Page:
Welcome to week four of the groupread of Neil Gaiman’s “Fragile Things.” I am late to posting this yet again, because this semester is turning out to be busy. As with last week, I’ll still visit everyone’s blogs over the next day or two.
The art to the left is the Russian cover for “Fragile Things.” I rather like it, as it presents the feel of the book rather well.
And the requisite spoiler advisory… *The following content may contain spoilers.*
Good Boys Deserve Favors
“You know, this one time at band camp…” I enjoyed this one. It reminded me a bit of the time in grade school that I thought I wanted to play the flute, at which point I quickly discovered that flutes tend to give me headaches unless they are a part of 60s era psychedelic music, but that is a different story entirely. I was one of those kids who pretended to play an instrument, much as the narrator does. I like the almost supernatural power that Gaiman attaches to creativity when the boy plays something phenomenal without even knowing what he’s doing. It’s an experience that most artists get every now and again… as if one is channeling their art from another source, rather than consciously creating it.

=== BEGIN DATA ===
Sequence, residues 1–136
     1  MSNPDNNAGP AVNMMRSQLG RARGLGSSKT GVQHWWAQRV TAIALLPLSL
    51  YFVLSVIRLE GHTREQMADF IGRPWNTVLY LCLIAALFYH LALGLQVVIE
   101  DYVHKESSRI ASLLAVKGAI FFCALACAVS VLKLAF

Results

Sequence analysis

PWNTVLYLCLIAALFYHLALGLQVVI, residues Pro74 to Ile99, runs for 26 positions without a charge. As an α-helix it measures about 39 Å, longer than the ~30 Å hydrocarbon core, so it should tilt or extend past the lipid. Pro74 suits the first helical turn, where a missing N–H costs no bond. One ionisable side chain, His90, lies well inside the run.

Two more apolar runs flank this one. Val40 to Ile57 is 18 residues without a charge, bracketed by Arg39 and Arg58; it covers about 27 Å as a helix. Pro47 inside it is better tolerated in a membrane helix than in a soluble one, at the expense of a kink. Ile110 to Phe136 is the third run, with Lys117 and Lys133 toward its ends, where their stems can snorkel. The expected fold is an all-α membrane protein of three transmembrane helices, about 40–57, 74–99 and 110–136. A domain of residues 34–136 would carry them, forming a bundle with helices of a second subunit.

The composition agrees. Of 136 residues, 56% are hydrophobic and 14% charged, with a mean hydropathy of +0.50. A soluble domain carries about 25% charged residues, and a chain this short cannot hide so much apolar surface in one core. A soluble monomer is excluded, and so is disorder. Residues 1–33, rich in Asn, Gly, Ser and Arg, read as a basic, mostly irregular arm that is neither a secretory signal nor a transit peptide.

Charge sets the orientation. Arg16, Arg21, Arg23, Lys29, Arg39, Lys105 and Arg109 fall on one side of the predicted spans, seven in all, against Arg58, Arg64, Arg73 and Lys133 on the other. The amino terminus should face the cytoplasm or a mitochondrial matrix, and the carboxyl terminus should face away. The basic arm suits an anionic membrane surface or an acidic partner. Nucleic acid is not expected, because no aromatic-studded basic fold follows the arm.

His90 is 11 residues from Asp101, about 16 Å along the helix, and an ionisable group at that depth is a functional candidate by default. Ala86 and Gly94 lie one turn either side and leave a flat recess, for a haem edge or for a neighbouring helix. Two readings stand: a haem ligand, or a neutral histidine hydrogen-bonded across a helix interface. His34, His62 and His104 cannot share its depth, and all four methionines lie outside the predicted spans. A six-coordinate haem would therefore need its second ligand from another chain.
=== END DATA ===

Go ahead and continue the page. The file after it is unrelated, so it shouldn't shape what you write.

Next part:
The Facts in the Case of the Departure of Miss Finch
Where can I meet Miss Finch? She sounds eccentric and awesome. I can picture her roaming around London flanked by her saber-toothed kitties, and I pity anyone who manages to get on her bad side.
Strange Little Girls
This one was a bit of a miss for me. Granted, I haven’t listened to the Tori Amos album that it was written to accompany, so I don’t think that I got the full experience. I think it would have been better if I felt a larger overarching point, rather than just a collection of personality types. At the same time, it reminds me of a game some friends and I used to play in college, where we would look out our window and make up stories/personalities for the people below.
I’m not sure what to think about this one. It’s quite clever. I enjoyed Gaiman’s tale of the Harlequin falling in love with a mortal woman, only to be tricked into trading roles with her. At the same time, I tried to read this story while eating, and the whole cannibalism thing made me lose my appetite.
Overall, I enjoyed this week’s stories a lot more than last week’s. I think that Miss Finch was my favorite, although it was hard to decide. I’m looking forward to next week’s discussion, as there are two poems coming up!